As a clinical researcher, I have noticed that cervical cancer control strategies currently being promoted by WHO do not sufficiently take into account local demands and socio-cultural realities of developing countries. This has led me to get actively involved in research projects aimed at designing realistic and cost-effective strategies for cervical cancer screening and management that are suitable for resource-constrained settings, especially African countries. On the other hand, with the advent of vaccination against HPV, I have started collaborating with partner institutions including US National Cancer Institute (NCI) and the Union for International Cancer Control (UICC), to work out how to contextualize vaccination approaches against HPV in Africa, in order to achieve maximum effectiveness while ensuring scale-up and sustainability of immunization programs.
Walter GotliebProfessor and Director of Surgical Oncology, McGill University - Jewish General Hospital
IGCS member since 1992.
I decided to pursue a career in gynecologic oncology because it is a specialty with a genuinely caring prolonged intimate human interaction, extending over multiple facets of state of the art medicine.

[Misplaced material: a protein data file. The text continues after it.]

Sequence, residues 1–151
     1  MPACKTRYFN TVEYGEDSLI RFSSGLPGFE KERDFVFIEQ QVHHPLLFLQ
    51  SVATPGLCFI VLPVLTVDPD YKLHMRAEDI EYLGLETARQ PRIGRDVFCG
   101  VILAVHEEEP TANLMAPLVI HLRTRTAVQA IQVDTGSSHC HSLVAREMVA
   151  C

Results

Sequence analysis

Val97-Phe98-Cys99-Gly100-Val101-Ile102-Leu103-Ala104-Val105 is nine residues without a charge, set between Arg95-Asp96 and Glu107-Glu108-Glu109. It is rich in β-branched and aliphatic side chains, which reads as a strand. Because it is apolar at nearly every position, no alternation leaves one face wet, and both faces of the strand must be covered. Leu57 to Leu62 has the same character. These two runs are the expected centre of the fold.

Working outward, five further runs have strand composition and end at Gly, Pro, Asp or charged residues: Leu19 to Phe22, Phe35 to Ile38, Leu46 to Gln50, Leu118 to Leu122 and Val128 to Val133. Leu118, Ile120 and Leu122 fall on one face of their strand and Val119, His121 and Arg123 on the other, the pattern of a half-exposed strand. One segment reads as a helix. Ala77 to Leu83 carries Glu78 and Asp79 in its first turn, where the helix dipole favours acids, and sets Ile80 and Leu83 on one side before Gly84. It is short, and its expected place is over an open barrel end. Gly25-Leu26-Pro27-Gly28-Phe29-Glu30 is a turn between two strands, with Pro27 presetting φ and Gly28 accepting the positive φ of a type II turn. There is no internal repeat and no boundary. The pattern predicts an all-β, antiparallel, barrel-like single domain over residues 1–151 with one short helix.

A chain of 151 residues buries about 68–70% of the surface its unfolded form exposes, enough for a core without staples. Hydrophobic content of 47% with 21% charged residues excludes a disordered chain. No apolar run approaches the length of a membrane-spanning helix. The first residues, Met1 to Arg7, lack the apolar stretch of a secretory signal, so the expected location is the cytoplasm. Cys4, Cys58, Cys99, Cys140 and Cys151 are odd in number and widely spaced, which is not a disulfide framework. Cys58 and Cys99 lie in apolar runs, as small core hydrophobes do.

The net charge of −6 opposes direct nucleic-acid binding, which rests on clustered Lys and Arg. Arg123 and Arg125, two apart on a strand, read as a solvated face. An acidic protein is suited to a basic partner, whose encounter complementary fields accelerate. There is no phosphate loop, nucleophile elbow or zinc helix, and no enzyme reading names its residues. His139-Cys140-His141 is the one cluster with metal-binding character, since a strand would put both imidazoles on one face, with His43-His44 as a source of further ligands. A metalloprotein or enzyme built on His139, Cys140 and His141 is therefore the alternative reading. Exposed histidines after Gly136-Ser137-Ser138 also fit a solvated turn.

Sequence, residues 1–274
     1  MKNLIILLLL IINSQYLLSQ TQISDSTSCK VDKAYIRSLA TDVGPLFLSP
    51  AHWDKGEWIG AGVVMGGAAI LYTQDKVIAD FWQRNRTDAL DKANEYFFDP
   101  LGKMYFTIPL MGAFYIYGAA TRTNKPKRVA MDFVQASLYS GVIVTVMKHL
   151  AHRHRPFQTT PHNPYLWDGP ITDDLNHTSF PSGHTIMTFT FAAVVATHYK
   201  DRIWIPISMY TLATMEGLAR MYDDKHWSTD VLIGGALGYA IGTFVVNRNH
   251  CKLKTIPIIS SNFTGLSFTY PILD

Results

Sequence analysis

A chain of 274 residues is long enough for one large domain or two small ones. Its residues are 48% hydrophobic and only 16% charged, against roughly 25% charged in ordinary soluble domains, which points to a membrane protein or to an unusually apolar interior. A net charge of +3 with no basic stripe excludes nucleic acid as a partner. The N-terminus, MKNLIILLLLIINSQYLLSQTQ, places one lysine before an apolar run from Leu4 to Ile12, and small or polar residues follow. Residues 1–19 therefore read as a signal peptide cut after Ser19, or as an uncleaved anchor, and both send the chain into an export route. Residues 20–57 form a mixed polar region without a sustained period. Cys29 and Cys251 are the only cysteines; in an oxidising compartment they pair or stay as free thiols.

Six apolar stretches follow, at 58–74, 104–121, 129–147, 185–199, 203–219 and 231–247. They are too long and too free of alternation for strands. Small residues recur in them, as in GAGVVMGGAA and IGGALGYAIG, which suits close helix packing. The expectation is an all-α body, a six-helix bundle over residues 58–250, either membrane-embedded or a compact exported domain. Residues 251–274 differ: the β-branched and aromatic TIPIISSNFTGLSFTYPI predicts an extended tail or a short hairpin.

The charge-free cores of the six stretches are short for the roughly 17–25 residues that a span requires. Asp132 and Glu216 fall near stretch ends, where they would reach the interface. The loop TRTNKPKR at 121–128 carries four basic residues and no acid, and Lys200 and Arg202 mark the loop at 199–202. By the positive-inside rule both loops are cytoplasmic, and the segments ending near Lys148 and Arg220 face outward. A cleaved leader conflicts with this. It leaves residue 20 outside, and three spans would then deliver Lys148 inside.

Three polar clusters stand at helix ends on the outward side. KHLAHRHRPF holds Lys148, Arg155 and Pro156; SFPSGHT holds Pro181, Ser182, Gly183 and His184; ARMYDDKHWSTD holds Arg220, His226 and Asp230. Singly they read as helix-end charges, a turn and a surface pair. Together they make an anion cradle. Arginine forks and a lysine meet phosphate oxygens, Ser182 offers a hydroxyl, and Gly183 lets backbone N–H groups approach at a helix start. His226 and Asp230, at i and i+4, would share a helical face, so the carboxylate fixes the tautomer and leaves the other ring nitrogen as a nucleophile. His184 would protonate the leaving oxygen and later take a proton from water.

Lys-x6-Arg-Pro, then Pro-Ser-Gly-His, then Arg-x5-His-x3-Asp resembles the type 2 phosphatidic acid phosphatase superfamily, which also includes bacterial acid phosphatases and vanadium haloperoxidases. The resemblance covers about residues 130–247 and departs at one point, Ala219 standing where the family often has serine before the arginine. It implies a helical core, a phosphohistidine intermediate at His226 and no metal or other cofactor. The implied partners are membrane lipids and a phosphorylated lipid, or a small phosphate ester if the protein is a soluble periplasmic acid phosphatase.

My day to day activities consist of a blend of providing care and teaching in the clinic, the ward and the OR, mixed with bench to bedside translational and clinical research, influencing and innovating the practice of our specialty in the present while placing the seeds for the future.
Surbhi GroverUniversity of Pennsylvania
IGCS Member since 2014
Since medical school, I was interested in a career in global health. As I learned more about oncology and my interests in global health developed further, gynecological radiation oncology seemed to be the right fit due to the heavy burden of cervical cancer globally.
Since completing my training in 2014, I have been based full time in Botswana, in southern Africa. My work here entails running the largest public clinical oncology department, and focusing my clinical and academic work on women's cancers-gynecological and breast. Along with my local colleagues, I developed gynecological multi-disciplinary tumor board that allows us to provide streamlined and evidence based care to women around the country. Through this clinic, we have been able to to minimize delays in care and also develop a follow up care pathway for women with gynecological cancers. We hope to emulate this model for others common cancers in Botswana as well such as head and neck and breast.
Thomas HerzogDeputy Director University of Cincinnati Cancer Center
IGCS Member for more than 10 years
I pursued a career in gynecologic oncology because I was attracted to the opportunity to help women when the need is greatest through surgery and adjuvant therapies while helping to unravel the causes and newest treatments of cancers.